There's a weird conflict in the way that I have historically thought about the process of gaining stereopsis. There's the way that I am naturally inclined to think about gaining stereopsis, which is grabbing the eye and making it move properly sort of like how you would learn a mechanical skill involving the manipulation of an external object, like a bow, gun, or instrument. Then there's the other way, which I think is the better way to think about gaining stereopsis, which is mentally occupying the eye and then letting the mind's control over the eye occur naturally.
Gaining stereopsis is really different from learning a skill which involves the manipulation of an external object because gaining stereopsis means recovering control of a primary sense organ which is at the very seat of our consciousness. It's normal to think that the 'I' is something in between our functioning eyes, or in the case of strabismics, to think of the 'I' as something behind the fixing eye. And it's because vision is the primary way we get around. Our visual cortex is huge. It occupies about 30% of the cerebral cortex's volume. So whatever the visual cortex is doing, it's probably important and it's doing something that requires a lot of work.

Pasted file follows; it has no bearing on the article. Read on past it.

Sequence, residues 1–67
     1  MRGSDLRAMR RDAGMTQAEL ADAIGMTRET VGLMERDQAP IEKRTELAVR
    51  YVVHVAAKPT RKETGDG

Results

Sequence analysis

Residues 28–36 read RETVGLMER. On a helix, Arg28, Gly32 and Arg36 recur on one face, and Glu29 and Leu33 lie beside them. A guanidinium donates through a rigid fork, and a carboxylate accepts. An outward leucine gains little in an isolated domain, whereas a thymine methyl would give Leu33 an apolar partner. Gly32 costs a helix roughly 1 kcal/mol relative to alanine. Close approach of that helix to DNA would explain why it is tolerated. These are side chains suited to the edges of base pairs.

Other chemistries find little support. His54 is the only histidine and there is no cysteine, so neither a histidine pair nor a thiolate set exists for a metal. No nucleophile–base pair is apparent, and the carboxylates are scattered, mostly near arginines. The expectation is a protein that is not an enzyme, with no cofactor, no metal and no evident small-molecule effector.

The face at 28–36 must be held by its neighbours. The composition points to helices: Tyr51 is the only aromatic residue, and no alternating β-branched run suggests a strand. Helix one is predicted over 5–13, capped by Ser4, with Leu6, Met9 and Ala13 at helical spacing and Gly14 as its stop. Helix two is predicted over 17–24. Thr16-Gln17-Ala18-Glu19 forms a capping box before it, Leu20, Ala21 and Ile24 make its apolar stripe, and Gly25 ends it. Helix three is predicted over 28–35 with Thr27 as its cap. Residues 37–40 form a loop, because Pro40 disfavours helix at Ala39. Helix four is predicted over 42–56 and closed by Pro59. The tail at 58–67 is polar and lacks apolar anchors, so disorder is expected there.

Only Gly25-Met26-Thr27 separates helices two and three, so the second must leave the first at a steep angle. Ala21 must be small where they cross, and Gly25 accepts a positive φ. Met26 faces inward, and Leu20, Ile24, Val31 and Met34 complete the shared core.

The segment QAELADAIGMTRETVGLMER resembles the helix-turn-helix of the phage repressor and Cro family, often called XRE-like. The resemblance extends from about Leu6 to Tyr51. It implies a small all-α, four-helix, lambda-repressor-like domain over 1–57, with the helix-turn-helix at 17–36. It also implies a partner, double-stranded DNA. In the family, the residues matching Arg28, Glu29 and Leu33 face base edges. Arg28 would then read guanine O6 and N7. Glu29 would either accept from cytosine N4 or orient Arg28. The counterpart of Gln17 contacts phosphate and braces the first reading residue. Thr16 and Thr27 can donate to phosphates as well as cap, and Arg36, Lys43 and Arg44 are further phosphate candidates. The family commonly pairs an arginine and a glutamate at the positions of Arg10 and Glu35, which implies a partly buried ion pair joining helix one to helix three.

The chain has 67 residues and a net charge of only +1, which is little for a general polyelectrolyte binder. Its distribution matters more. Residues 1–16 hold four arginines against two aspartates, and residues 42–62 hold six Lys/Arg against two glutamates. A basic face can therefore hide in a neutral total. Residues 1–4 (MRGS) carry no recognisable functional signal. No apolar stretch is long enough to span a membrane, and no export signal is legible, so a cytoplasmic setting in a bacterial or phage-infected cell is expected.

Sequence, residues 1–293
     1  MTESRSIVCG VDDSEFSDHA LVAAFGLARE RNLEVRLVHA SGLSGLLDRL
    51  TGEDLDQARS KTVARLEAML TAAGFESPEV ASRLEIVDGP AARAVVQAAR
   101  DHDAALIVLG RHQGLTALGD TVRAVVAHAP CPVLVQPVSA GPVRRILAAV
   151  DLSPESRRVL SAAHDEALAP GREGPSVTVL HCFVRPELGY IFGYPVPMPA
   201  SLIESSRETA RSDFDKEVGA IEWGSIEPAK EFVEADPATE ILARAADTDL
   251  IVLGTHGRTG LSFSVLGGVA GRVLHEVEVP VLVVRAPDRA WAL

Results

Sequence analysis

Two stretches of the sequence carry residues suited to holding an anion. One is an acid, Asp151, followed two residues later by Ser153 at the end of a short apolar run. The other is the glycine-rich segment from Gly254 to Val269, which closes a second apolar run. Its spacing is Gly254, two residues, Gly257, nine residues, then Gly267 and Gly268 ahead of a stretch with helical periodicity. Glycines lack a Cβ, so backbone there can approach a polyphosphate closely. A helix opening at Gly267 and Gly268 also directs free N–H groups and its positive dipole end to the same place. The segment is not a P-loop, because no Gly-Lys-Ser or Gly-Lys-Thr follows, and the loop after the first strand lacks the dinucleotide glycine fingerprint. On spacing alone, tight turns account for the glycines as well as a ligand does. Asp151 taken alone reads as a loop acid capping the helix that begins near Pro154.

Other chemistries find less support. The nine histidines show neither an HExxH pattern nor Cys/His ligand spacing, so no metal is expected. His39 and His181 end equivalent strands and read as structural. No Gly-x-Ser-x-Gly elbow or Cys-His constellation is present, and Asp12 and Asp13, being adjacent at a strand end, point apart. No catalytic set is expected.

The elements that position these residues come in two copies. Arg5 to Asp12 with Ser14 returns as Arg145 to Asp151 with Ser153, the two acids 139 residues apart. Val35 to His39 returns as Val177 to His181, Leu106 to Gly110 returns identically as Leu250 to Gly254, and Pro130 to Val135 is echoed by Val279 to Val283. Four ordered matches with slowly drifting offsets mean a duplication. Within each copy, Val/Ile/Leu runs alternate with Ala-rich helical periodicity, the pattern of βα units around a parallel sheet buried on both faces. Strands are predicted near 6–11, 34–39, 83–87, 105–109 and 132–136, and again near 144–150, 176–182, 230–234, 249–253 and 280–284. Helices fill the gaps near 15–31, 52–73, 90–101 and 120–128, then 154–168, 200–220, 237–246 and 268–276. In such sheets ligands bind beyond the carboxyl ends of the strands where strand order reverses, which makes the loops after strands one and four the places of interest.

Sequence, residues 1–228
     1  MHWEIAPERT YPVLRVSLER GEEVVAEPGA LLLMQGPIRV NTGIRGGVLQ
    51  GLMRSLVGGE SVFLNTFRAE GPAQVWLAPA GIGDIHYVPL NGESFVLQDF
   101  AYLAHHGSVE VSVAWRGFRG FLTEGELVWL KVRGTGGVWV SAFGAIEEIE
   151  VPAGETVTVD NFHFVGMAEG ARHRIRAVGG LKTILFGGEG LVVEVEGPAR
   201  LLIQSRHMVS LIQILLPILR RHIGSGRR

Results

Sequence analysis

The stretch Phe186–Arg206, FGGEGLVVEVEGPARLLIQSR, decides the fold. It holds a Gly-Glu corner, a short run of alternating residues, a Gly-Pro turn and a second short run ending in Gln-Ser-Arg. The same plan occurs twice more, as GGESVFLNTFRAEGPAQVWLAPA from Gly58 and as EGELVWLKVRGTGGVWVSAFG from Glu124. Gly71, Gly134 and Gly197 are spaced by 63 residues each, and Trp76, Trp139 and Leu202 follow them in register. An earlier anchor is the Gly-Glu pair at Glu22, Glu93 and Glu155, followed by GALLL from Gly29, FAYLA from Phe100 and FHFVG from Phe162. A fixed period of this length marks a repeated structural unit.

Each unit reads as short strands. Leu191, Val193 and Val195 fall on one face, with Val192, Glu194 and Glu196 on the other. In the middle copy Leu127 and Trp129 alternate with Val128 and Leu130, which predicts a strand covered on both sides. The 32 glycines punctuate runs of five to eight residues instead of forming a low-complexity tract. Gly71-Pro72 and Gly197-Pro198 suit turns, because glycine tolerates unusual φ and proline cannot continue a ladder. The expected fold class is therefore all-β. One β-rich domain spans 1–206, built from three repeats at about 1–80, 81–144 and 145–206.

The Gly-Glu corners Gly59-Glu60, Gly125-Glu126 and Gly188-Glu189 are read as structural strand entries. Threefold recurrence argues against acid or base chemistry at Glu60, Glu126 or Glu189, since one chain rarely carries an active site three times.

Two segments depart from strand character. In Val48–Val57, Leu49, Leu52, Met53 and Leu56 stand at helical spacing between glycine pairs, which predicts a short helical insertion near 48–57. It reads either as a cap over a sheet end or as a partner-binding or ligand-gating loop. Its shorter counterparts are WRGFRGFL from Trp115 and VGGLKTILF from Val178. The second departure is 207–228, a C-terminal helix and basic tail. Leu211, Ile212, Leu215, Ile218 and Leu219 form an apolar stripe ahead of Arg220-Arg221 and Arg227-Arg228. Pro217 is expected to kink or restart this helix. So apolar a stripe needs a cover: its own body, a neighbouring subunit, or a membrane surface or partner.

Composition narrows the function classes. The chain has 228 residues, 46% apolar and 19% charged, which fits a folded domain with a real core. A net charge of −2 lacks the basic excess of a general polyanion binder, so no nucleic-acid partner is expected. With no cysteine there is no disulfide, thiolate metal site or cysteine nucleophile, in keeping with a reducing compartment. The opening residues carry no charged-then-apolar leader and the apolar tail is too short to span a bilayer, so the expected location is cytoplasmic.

The other day I was thinking about what it means to gain stereopsis, what's involved, and what's going on in the brain. It's got to be a significant wiring overhaul. Most likely recovering stereopsis means reclaiming neurons for the purpose of using both eyes and integrating their input.
The other day when I was driving, I took turns closing each of my eyes. Doing that made me realize that my visual field has significantly expanded. When I closed an eye, I realized that I could see quite a bit, but it wasn't nearly as much as it was when I was using both. It's as if my consciousness had expanded, and as if the observer was suddenly larger. There's a lot more of me that's 'there'. This must be related to what Heather said about seeing in stereo and how everything is much more real, and there. And what Susan Barry said about how seeing in stereo made her feel like she was in the world instead of just occupying and observing it. There's something fundamental to consciousness that's going on.
I wonder if visualizing the observer becoming bigger could accelerate vision therapy results, if I could visualize creating more space for the bigger observer. It would have a correspondence with the idea that the process of gaining stereopsis involves claiming neurons and more neural 'real-estate' for new purposes.